Yannick: Got it, yeah it sounds like it is a good idea to approach it from both angles depending on what is the underlying cause.  Let’s move to the next question. What types of rehabilitation do you specifically recommend to help improve cognition and executive functioning?  This can be formal therapies, alternative therapies, at-home programs, online programs, or anything else.


Dr. Franz: Well, I think that you know, formal therapies particularly if a person is just starting to get a handle on their cognitive issues, whether that would be through a person who comes at it from a speech therapy background or an occupational therapist who may focus on particular tasks of daily living, they can help with cognitive tasks particularly in the initial recovery phase of a more severe brain injury or in somebody with a more severe concussion, but you can then be set up with a home program.


There is a lot of evidence that using online tasks or games that you get, you get better at what you practice. So if you play a game (there were a number of these that were popular a few years ago), the only thing they can really prove is you get better at performing the game. You don't necessarily get better, that doesn't carry over into remembering to buy the groceries you were asked to get or pay your bills or those sorts of things.


So having somebody who can work with you on setting up reminders for those tasks or having a structured system - and we, of course, are working on apps to help the people structure ways to remind a survivor to do a task whether that would be therapeutic tasks or a functional task throughout their day, but setting up something to actually remind you to do the task is probably the best way.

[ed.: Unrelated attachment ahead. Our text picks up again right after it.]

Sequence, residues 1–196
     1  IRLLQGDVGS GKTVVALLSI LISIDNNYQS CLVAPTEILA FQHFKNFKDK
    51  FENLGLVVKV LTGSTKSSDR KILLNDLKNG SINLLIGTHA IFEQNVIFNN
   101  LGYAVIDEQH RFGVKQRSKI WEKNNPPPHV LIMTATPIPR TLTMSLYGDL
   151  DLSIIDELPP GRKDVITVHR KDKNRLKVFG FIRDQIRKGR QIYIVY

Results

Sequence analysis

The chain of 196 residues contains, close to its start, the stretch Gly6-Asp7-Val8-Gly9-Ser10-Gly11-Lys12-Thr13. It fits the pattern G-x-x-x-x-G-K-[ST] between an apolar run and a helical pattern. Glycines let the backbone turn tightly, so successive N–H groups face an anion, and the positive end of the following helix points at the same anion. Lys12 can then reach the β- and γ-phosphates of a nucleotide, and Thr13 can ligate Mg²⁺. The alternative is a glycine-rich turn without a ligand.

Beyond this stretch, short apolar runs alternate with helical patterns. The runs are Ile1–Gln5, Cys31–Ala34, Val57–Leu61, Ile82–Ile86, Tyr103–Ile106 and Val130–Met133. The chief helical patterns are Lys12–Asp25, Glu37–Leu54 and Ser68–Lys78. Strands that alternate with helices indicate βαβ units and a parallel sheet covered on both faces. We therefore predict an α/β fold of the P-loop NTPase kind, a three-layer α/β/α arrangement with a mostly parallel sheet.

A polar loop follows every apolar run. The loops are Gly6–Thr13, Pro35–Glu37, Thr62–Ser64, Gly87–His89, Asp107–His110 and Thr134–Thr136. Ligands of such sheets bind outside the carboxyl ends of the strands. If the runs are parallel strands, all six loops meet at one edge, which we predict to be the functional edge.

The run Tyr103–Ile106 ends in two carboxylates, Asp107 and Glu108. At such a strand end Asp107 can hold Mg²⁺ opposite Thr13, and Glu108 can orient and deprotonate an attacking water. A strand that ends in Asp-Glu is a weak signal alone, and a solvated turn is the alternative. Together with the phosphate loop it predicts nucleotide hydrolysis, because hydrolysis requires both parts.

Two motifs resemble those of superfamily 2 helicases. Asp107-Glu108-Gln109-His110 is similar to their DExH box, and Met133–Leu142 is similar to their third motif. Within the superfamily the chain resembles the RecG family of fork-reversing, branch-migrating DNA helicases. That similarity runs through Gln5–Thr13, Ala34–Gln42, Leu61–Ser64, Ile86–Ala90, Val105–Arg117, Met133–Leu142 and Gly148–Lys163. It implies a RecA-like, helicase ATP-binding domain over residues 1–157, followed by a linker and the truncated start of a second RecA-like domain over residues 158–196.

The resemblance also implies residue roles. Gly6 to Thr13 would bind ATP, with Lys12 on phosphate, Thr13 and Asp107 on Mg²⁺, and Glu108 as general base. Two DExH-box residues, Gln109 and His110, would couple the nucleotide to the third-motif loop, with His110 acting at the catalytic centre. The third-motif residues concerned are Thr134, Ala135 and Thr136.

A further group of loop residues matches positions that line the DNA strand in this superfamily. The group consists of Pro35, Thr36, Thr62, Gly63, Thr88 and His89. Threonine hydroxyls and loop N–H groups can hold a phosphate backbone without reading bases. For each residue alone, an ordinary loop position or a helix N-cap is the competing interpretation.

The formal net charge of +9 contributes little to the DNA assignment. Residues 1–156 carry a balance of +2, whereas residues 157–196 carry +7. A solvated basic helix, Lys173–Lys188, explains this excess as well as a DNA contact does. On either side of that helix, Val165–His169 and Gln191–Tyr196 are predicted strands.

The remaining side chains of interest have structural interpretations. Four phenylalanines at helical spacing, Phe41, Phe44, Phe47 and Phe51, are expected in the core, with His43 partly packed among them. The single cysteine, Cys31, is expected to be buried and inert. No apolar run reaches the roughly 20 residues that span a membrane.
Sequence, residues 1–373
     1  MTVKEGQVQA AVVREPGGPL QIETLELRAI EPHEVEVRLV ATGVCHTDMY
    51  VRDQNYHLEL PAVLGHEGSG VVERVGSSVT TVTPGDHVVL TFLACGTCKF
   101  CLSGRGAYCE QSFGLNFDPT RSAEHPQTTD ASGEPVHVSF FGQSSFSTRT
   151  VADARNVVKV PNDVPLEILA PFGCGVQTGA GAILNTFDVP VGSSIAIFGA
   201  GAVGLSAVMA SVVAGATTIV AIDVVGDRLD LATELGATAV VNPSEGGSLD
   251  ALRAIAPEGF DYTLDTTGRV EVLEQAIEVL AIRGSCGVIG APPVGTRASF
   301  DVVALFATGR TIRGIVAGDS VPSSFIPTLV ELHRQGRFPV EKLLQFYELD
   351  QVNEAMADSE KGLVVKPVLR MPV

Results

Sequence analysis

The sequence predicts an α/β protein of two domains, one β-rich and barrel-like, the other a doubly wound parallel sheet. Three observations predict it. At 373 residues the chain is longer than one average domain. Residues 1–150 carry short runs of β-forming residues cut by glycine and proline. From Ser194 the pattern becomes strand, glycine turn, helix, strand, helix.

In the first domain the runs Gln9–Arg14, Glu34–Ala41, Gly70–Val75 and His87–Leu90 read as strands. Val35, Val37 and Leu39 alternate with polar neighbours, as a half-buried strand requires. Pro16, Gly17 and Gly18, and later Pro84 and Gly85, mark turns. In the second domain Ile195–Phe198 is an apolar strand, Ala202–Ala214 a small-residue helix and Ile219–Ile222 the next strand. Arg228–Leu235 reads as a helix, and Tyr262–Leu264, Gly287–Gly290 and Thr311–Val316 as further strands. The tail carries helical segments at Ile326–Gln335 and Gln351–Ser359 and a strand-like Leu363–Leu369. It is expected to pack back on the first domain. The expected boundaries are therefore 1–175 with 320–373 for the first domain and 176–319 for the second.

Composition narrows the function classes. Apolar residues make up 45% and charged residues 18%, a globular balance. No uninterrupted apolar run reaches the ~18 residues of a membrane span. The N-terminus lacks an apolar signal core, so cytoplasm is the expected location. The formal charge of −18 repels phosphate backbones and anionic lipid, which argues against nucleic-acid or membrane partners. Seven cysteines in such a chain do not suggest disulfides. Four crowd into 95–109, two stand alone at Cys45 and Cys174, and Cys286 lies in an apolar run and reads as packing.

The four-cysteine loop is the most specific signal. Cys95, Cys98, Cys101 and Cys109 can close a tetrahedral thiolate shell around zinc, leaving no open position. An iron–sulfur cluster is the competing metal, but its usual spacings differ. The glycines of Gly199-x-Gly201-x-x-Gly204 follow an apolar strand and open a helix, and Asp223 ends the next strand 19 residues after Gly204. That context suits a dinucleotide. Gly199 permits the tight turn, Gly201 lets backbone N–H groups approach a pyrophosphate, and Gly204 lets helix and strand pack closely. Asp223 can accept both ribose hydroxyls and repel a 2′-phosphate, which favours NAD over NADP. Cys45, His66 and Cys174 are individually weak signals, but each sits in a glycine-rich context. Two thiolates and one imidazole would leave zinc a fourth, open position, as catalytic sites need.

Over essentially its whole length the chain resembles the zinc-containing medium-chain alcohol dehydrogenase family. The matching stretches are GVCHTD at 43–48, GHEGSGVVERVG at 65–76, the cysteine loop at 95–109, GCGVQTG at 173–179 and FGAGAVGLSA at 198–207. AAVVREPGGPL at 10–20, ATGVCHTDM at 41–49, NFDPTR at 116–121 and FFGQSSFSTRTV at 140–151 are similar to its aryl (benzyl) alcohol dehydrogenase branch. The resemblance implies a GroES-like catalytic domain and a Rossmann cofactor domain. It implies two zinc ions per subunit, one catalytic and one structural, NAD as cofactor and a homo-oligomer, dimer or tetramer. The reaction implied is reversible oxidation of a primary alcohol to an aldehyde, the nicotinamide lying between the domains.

Now if you have a lot of anxiety that further impedes your memory, then, of course, cognitive behavioral therapy to address that can be a very useful technique as well, and certainly there's some alternative therapies such as meditation that can help with those tasks and whether you call it concentration or mindfulness, those are definitely skills that higher level, higher functioning survivors can benefit from.


Yannick: Great.  Do you have a sense (I know this is a pretty difficult question to answer) for how long TBI patients should receive rehabilitation? 


Dr. Franz: Well, that's tricky. There have been some very good studies that have shown that the Israelis, particularly, have done an awful lot of studies on their army veterans who had acquired brain injury, that show people make improvements years, decades after a brain injury. So there would be some evidence, a lot of good evidence to say that people would benefit from rehabilitation for the rest of their life if they've had a severe brain injury, or at least have the ability to gain new skills and to improve a task that they practice.


So that's obviously going to take different forms. Nobody's going to stay in a rehab hospital for 30 years. So I would say that a person getting acute inpatient rehabilitation is going to be best served, particularly if they have a lot of physical limitations from their brain injury and mobility and caring for themselves, several weeks to a couple of months to regain those skills.